There is scarce empirical evidence on total dispersal success within a bark beetle population in order to validate our simulated mortality rates. For pioneers there are a few studies on D. ponderosae indicating mortality up to 70 % [59, 60] which are in general accordance with our model results for resistant stands. Another study revealed higher average dispersal mortality of 57 % for D. frontalis . Previous modelling approaches simulated the complete range of mortality rates (0 − 100 %) using a set of scenarios differing in host availability and/or search strategies [62, 63]. Given the remarkable potential range in dispersal mortality and its high relevance for meta-population ecology, future efforts on its empirical quantification seem desirable.
Host selectivity in bark beetles is shown to be a function of population density, and is thus strongly distance dependent, which is in line with previous experimental and modelling studies [43, 64, 65]. Furthermore, since density also varies over time, host selectivity can be assumed to vary not only in space but also in time, suggesting that pioneers are more selective than joiners.
Interestingly, highest colonization densities occur in resistant habitats (Fig. 6). This can be explained by the higher number of simultaneously attacking beetles required for a successful colonization compared to less resistant habitats. Once this threshold is overcome, a host is particularly attractive in relation to its neighbors, and hence accumulates beetles. In all three habitats, a negative power law function marks the distance-dependent limit of colonization density (Fig. 6). That means that under the given assumption of an isotropic habitat the more distant an infested host is located in relation to the source, the less densely it is colonized. This model output is noteworthy in as much as empirical data on colonization densities regarding a spatial distance-to-source gradient is absent so far. Previous studies investigated colonization densities typically with regard to site or tree conditions and subsequent reproductive success (e.g., ). Knowledge on colonization density related to dispersal distances, i.e. on the dispersal kernel, may gain particular significance for population dynamics as it provides information on deferred dispersal costs and benefits potentially affecting the fitness of subsequent generations.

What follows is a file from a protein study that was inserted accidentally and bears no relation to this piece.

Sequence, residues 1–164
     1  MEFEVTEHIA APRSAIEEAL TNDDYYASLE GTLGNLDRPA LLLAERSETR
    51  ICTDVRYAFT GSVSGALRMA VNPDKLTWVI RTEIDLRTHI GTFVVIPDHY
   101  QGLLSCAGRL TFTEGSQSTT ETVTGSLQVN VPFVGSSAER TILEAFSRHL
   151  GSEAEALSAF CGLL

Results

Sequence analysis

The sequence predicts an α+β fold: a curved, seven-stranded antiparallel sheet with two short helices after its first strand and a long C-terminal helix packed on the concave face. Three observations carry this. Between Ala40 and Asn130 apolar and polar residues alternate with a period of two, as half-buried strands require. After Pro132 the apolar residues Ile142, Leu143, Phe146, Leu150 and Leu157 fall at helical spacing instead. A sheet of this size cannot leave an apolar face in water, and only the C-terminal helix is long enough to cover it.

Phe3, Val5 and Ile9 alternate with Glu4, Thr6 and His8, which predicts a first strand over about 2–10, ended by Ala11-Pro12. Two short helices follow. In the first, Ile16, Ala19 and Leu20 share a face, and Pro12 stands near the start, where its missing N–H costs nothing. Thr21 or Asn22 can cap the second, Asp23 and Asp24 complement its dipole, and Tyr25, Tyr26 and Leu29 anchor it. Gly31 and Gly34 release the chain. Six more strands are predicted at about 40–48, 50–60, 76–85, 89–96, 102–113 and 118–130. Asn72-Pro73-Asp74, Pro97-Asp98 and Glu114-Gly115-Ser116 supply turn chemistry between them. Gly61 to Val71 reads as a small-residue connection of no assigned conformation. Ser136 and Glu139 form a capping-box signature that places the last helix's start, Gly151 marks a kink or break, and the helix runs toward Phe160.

Costs and benefits associated with dispersal variability
Dispersal distances are assumed to evolve directly as an evolutionary consequence of incremental costs and benefits [67, 68]. In the case of bark beetles as group-attacking species, long-distance dispersers obviously suffer from particularly high direct costs as their chance to find a host and consequentially their chance to reproduce is low. Thus, within a dispersing population there are a high number of individuals following a relatively safe strategy and just a minor proportion goes (or is forced to go) for risk. Such strongly safety-biased distribution has been revealed most favourable for population performance . Nevertheless, risky dispersal is an essential part of a diversified risk-spreading strategy and not without potential benefits. The higher direct dispersal costs of long-distance dispersers, however, are weight-off by individual benefits in the rare case of a distant host finding success. Since colonization densities distinctly decrease with distance (Fig. 6), long-distance dispersers are favoured by reduced deferred costs, i.e., less brood competition resulting in higher reproductive success [42, 43], and a spatio-temporal lead over antagonists which reduce subsequent mortality . Finally, spatial dispersal is known to be an effective strategy to avoid inbreeding depression within populations and enhance genetic diversification . However, whereas direct costs (dispersal mortality) emerged explicitly as model output, deferred dispersal costs (affecting subsequent generations) can be deduced but not explicitly shown as our simulations only cover a single dispersal wave.